how to collect heterogeneous elements without fixing the collection type

{-# LANGUAGE MultiParamTypeClasses, FlexibleInstances #-}

Angela: What should be the type of the following function?

ins c = insert 'x' (insert False c)

Zachary: Wait, we cannot give insert a type. It is applied to a character and to a boolean. There is a conflict!

Angela: How about polymorphism?

Zachary: Hmm, well ok. I can define insert as

insert _ x = x

Then the type of your functions is a -> a. It's the identity function. That will do it but it's not very useful.

Angela: Yes, that is true... Can we give more useful definitions? How can a useful function be applied to arguments of different types?

Zachary: Hmm... overloading! We need a type class:

class Collects e
insert :: e -> [Either Char Bool] -> [Either Char Bool]

instance Collects Char
insert x xs = Left x : xs

instance Collects Bool
insert x xs = Right x : xs

Now ins [] evaluates to [Left 'x',Right False].

Angela: What is its type?

Zachary: Its type is [Either Char Bool]

Angela: I don't like this. The function I gave you doesn't tell much about the type of its argument. The argument type should be an arbitrary collection that can collect characters and booleans and not fixed to a specific one. There are many others: [Either Bool Char], ([Char],[Bool]), or ([Bool],[Char]) to name a few.

The argument of ins might even be a collection that cannot only collect characters and booleans but also integers or file handles. We might later insert something of a different type in the result of calling ins.

Could we generalize your type class such that the type of the collection is not fixed but only constrained to be able to collect characters and booleans?

Zachary: We can make the type of the collection a second parameter to the type class such that the type-class constraint Collects e c means that a value of type c is a collection where elements of type e can be inserted:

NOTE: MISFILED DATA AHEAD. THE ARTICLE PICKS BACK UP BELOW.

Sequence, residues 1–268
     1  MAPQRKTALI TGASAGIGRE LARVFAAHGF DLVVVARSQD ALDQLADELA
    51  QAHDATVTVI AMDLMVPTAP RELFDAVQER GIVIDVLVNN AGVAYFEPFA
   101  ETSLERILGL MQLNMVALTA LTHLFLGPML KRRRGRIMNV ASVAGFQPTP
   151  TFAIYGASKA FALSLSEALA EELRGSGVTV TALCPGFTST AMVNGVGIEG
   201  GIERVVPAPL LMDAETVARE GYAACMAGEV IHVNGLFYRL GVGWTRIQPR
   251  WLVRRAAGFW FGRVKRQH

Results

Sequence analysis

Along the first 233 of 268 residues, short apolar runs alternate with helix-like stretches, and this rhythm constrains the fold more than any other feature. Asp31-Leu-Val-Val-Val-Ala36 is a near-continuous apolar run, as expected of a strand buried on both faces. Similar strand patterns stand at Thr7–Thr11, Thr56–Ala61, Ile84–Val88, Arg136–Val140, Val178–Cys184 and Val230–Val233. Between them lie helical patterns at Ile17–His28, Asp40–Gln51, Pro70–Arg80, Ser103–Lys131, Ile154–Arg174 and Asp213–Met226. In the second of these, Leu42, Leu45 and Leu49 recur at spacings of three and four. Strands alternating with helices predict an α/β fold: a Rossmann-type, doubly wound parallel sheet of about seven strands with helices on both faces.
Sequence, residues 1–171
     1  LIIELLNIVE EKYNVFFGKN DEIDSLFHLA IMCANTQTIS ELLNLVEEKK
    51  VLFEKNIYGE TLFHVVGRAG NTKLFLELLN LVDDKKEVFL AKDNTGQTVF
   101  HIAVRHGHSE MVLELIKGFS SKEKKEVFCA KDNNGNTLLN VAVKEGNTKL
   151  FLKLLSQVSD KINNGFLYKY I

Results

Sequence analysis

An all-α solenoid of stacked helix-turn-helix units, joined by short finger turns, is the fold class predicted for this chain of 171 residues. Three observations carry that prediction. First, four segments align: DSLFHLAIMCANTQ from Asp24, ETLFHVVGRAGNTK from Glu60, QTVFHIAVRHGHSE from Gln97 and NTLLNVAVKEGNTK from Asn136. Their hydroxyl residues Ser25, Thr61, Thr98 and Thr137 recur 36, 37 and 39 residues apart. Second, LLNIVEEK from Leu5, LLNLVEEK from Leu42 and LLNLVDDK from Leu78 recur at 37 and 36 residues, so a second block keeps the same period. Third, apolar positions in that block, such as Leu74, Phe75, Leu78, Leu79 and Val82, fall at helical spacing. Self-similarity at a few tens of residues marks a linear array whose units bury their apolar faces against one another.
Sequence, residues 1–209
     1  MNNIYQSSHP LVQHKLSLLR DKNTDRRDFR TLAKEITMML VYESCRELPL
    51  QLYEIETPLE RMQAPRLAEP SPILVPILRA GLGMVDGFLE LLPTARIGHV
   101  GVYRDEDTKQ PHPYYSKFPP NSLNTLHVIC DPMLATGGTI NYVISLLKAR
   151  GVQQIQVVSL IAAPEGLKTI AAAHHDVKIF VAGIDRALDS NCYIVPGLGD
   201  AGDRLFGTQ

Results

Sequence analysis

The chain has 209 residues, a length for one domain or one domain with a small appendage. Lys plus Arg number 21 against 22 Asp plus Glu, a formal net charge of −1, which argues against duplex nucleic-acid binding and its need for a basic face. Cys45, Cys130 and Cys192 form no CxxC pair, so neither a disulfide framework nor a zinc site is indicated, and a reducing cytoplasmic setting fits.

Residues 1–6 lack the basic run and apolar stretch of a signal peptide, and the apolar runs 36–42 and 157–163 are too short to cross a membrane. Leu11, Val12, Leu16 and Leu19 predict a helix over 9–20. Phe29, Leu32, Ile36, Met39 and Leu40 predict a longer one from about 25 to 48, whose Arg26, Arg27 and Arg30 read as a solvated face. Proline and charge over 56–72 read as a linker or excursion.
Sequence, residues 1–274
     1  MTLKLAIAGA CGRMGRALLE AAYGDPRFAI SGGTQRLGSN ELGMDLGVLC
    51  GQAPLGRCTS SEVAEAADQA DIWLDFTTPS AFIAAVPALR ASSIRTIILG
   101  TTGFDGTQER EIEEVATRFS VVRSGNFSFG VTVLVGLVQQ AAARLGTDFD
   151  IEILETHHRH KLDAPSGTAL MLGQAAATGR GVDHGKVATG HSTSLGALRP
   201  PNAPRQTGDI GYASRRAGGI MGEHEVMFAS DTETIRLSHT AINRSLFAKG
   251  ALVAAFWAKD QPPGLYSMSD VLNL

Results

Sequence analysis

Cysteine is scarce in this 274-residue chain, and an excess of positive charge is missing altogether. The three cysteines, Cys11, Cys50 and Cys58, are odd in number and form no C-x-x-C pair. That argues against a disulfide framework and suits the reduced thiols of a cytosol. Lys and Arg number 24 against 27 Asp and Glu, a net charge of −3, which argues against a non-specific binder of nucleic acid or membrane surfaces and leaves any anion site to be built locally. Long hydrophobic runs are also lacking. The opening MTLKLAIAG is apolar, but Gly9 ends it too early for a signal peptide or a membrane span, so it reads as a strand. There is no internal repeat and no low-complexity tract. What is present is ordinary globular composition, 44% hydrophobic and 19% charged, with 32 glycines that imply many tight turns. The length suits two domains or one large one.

class Collects e c
insert :: e -> c -> c

Now, ins has the type (Collects Char c, Collects Bool c) => c -> c.

Angela: Wow, that's pretty. Now we can have many different collections for the same element type and elements of many different types can be collected in a single collection. The type class Collects is really a relation on types!

Let's see... Obviously, a list can collect elements of its element type:

instance Collects a [a]
insert = (:)

Zachary: And the previously defined instances become:

instance Collects Char [Either Char Bool]
insert x xs = Left x : xs

instance Collects Bool [Either Char Bool]
insert x xs = Right x : xs

Angela: Yes. But we can also define another type for collecting characters and booleans:

instance Collects Bool (Int,Int,String)
insert False (fs,ts,cs) = (fs+1,ts,cs)
insert True (fs,ts,cs) = (fs,ts+1,cs)

instance Collects Char (Int,Int,String)
insert c (fs,ts,cs) = (fs,ts,c:cs)

Zachary: Interesting. Now, ins [] :: [Either Char Bool] is evaluated to the list [Left 'x',Right False] and ins (0,0,"") :: (Int,Int,String) yields (1,0,"x"). Everybody who calls ins can decide what kind of collection to provide if they make sure it can collect characters and booleans.

Angela: Congratulations!